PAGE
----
Top 5 Dog Parks in and around Fort Riley
In Manhattan and on Fort Riley there are several well-maintained dog parks where your dog can meet the locals. Each park offers something unique, and you really can’t go wrong with any of them.
It’s highly advised that you don’t visit a dog park until your pup is at least three months old and has all of his shots, especially since puppies don’t receive their Rabies and final Parvovirus vaccines until they’re 12 weeks old. No, you won’t have an autistic dog if you get them vaccinated.
Most of the parks on this list ban intact male dogs, and all ban females in heat. Sure, the parks don’t hire cops to roam around and lift dogs’ tails to see if they’re packing. But if a fight breaks out and your unneutered dog is involved, there could be hefty consequences.
Fort Riley Dog Parks
Fort Riley has two dog parks on post: one in Historic Main Post and one in the Forsyth housing community across from the PX. The Forsyth park is split into two parks based on the size of your dog. Intact males are banned at both parks.
Right and Up Tip: Be advised that in the summer the grass in this park is covered in tiny spike-covered burrs that like to find themselves in between the pads of dogs’ feet.
The Historic Main Post park is massive, which is why it’s the more frequented of the two. In fact, Fort Riley used to keep bison in the enclosure. The bison were donated to the Konza Prairie in 1987, and Fort Riley let the post’s horses roam free in there before it was eventually turned into a dog park. On a warm spring day there are at least 15 pooches out there burning off energy. Both this park and the Forsyth one provide doggy waste bags, waste bins and water.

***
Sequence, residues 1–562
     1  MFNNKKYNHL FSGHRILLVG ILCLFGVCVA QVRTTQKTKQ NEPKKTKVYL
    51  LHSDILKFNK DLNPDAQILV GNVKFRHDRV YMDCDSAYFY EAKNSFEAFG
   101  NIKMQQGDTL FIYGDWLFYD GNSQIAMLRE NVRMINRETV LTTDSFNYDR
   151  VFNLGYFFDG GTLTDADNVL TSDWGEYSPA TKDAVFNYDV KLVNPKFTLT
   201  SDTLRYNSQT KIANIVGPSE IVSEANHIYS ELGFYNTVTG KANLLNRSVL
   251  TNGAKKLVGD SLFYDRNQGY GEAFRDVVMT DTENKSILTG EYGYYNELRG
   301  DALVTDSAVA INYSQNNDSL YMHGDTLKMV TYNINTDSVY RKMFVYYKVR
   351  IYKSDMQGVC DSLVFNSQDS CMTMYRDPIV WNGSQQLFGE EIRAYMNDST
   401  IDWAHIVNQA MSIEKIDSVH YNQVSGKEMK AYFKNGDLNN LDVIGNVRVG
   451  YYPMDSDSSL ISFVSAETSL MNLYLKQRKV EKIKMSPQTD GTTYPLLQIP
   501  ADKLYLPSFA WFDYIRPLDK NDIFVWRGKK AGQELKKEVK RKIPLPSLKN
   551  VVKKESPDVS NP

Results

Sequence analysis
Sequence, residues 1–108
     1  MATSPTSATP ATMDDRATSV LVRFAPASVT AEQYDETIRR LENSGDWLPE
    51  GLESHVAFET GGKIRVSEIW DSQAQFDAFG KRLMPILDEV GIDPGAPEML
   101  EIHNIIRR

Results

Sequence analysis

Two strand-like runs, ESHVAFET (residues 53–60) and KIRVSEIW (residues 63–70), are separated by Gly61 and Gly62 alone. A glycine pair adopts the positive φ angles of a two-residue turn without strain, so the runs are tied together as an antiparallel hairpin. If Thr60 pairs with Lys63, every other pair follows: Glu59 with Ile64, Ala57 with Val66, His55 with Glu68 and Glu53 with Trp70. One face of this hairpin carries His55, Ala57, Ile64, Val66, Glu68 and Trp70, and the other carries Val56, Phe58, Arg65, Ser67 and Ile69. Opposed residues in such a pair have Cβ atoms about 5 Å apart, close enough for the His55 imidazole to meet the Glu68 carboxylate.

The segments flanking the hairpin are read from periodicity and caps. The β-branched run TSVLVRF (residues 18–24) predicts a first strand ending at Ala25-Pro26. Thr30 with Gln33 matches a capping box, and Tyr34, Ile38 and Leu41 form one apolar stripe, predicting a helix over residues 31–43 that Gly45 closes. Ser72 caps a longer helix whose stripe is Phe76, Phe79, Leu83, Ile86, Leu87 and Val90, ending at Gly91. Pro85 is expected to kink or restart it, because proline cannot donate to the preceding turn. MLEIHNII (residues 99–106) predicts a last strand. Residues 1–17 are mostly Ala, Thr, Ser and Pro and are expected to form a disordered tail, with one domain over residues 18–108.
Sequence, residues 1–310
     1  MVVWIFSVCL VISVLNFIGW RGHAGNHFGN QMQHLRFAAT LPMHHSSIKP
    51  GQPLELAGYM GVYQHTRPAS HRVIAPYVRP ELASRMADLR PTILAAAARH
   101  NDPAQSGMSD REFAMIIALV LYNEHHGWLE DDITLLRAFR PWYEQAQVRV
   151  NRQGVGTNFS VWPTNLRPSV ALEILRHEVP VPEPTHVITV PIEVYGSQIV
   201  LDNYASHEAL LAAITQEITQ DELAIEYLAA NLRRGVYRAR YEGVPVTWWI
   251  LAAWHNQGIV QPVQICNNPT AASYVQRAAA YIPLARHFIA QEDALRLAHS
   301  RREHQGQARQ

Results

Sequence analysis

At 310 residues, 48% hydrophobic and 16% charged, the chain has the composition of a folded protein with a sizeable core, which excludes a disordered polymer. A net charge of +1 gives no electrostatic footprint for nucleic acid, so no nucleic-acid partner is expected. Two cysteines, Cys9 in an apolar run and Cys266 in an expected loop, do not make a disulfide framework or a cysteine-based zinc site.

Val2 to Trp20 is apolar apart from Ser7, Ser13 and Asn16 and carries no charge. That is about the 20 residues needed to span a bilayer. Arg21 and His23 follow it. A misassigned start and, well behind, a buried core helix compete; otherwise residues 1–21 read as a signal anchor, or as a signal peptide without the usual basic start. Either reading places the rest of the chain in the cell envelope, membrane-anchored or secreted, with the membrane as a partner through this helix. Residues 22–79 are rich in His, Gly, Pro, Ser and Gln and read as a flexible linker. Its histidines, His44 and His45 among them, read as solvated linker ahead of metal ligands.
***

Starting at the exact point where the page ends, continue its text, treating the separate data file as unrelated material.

Right and Up Tip: Bring a tennis ball or Frisbee to help your dog reach a new level of exhaustion. Just don’t be surprised if another dog (i.e. mine) steals it because he’s a jerk.
Manhattan Dog Parks
Cico Park in Manhattan is widely considered the nicest of the dog parks. Located at 3246 Kimball Avenue and nestled within the city’s recreational area, the park provides plenty of space for your dog to get nice and tired. The area also has several picnic tables where you can relax on a nice day. The coolest part of this park is the dog water fountain. The fountain looks like a regular drinking fountain we all had in our middle school, but it’s on the ground at dog level. Run the water to fill the basin, and after a few seconds the excess water will drain away so every dog gets a fresh drink.
Right and Up Tip: Be friendly with fellow dog owners! This is a popular park and a great place to make friends.
Stretch Park can be a challenge to find since it’s part of Tuttle Creek State Park and hidden behind trailers. Just when you think you’re definitely in the wrong place, you’ll see it. The one-acre park has agility equipment, so maybe youre dog will surprise you with some sweet skills.
Right and Up Tip: Bring lots of water and a bowl since this park doesn’t have anywhere for your dog to get a drink.
Just a few minutes away from downtown Manhattan is this gem of a park that’s separated into large and small dog areas. Inside the large dog area you’ll find agility equipment like an A-frame, weaving polls and an elevated tire so your dog can show off his circus tricks. Fairmont Park is equipped with water and dog waste stations, but it’s always a good idea to bring your own bags just in case.
Right and Up Tip: Alongside the large dog area is a path that leads to the Kansas River and a perfect spot for your dog to take a dip.
about the author
Rachel is an Auburn grad (War Damn Eagle!) and holds a degree in journalism. While working as a sports writer covering the Tigers, she met a cute, tall officer stationed at Fort Benning. A few margaritas, conversations about why a no-huddle offense is superior and 18 months later, they got married. They have PCS'd to Fort Huachuca, Fort Riley and are now in Washington, DC. They have a ridiculously adorable son named Gavin and two furry children, Jeter and Lilly.